Saturday, 3 March 2012


The question "What to do in Malta?" is answered easily answered because there are so many possibilities. It is more likely "How long have you got to spend time there?" The following description will give you only the major attractions and yet there so many more. With the perfect weather it is a great place for your enjoyable vacation.

Malta is a beautiful holiday island and strategic importance. There are actually three islands. Malta, Comino and Gozo and are in a narrow passage in the Mediterranean between Sicily and Tunisia. The entire island has hills and a natural harbour. The harbours are deep and make good ports.
The islands are of limestone. The problem is that the stone is porous and it prevents the rivers flowing all year round which doesn't help the farming industry. However, they do produce food and when they have a good year they export the surplus.
The climate is hot in the summer and sunny winters. This brings many tourists to the islands which is their main part of the economy. Another source is the Valletta’s Grand Harbour which is still shipbuilding and ship repairing. It used to be the British naval dockyard. For many years, much of Malta's income came from the British Naval base near Valletta. In 1979 the base was closed but they managed to keep the yard going. The islands are also visited by yachts and cruisers touring the Mediterranean.
Small factories, with raw material imported, make clothing, shoes, plastics and electronics. They export it to Germany, Italy and Britain.
The Maltese language is of Arabic origin but mixed with many European words and it originated from a language spoken 5000 years ago by the original inhabitants. Apart from that there is also England and Italian spoken.


Malta has been inhabited for a long time. Temples were built by ancient civilisation at Mgarr and Skorba.
Pottery had been discovered from the Ghar Dalam phase -- 5200 TO 4500 BC -- is very much like the pottery found in Agrigento, Sicily. The culture is of megalithic temple building. The megalithic Ggantija temples in Gozo are of the oldest free-standing structures in the world. They are from about 3500 BC. The temples have a distinguished architecture. They are built in a complex trefoil design.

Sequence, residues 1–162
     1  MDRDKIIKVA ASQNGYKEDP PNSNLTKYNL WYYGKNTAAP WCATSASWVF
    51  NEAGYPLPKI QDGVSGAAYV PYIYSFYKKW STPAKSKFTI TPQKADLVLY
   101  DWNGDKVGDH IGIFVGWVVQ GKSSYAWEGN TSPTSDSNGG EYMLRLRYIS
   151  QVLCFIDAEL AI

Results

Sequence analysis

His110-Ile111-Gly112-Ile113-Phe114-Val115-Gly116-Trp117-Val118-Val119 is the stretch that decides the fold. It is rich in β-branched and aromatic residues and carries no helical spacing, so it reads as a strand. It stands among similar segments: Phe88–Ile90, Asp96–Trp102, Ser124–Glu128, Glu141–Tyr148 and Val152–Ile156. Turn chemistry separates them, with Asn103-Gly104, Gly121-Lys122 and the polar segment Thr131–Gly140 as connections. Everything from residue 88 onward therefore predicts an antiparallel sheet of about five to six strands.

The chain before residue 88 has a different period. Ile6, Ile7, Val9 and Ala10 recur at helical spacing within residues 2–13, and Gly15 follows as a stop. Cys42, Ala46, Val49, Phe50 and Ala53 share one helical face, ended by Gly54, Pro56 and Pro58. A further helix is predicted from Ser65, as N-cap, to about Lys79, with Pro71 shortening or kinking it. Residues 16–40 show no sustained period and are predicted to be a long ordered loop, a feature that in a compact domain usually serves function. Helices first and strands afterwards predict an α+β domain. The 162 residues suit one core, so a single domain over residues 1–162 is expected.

Behind a removable altar were animals’ bones and a knife found. It is assumed that animals’ sacrifices have been made to the Goddesses of fertility. The statue is to be seen in the National Museum Valletta. It is not clear why this culture disappeared around 2500 BC. Archaeologists assume it could be famine or diseases. It was also around the same time of Pluto's account of the disappearance of Atlantis.
700 BC the Ancient Greeks settled in Malta
A century later the Phoenician travellers used the islands as a port between east Mediterranean to Cornwall. Some even settled and started the city of Mdina. After the fall of the Phoenicia in around 400 BC it was taken over by the Carthage.
It was during the First Punic War in 264 BC that the Maltese people turned to the Roman consul Sempronius and remained loyal to Rome during the Second Punic War.
By 117 BC Malta was a thriving island and part of the Roman Empire.
When Rome split into Eastern and Western division in the 4th century, Malta became part of the Byzantine Empire from 395 to 870. Not much is know about this period.
Later on the Arabs ruled Malta and then the Normans and after that the Spaniards.
In 1530 the Knights of St John arrived from Rhodos and built a fortress there. The Maltese Cross came from this period. It prevented the advance of the Ottoman Empire. In 1565 the Ottoman Turks held three cities and Mdina in the Great Siege. The Maltese people and Knights did not surrender. Western Europe was grateful that the continuous advancing Ottoman Empire had been stopped.
Napoleon invaded Malta in 1800 and made the knights to leave but soon the British moved in and stayed till 1964.. In the Second World War the islander hands to defend themselves again when they were besieged by the Italians and Germans. It was the only route in the Mediterranean between British Gibraltar and Montgomery 8th Army. The islanders held out for three years despite horrendous hardship. King George VI awarded the whole nation a George Cross.
The British closed their bases and the islander lost jobs. Malta then went on developing their own shipbuilding industry and now they are successful in building and repairing. Also luxury yachts and liners cruising the Mediterranean are calling in their ports
Since they became independent they managed to overcome the closure of the British Navel base and the job losses. After that Malta negotiated to join the European Union.

Malta is the biggest of the three islands. A pictures island offers a great number to do. A wonderful coastline with an abandons of caves, coves beautiful beaches gives plenty of water sports and the best diving location in the Mediterranean.
Valletta has beautiful architectures throughout the ages. There are buildings dating back to the times when the Knights of St John of Jerusalem ruled in the 16th century. Also the remaining building is mainly Barock and you can visit two magnificent Barock palaces. The city is declared a World Heritage Site by UNESCO.
National Museums have Fine Art painting by Turner and Pieto to name just two. Many Archaeology displays are exceptional exhibits from Malta's prehistoric period which ranges from Ghar Dalam 5200 BC to the Taxien 2500 BC.
The gardens were first constructed in 1661 for the Knights. The paths are lined with busts, statues and plaques.
A re-enacting of the time of the siege by the Ottoman in 1565 can be seen at Fort Saint Elmo. 
For the whole family -- children small, big and very big -- there is the village of Popeye where the actual filming took place.

As you can see Malta is a Holiday Island you will never forget.

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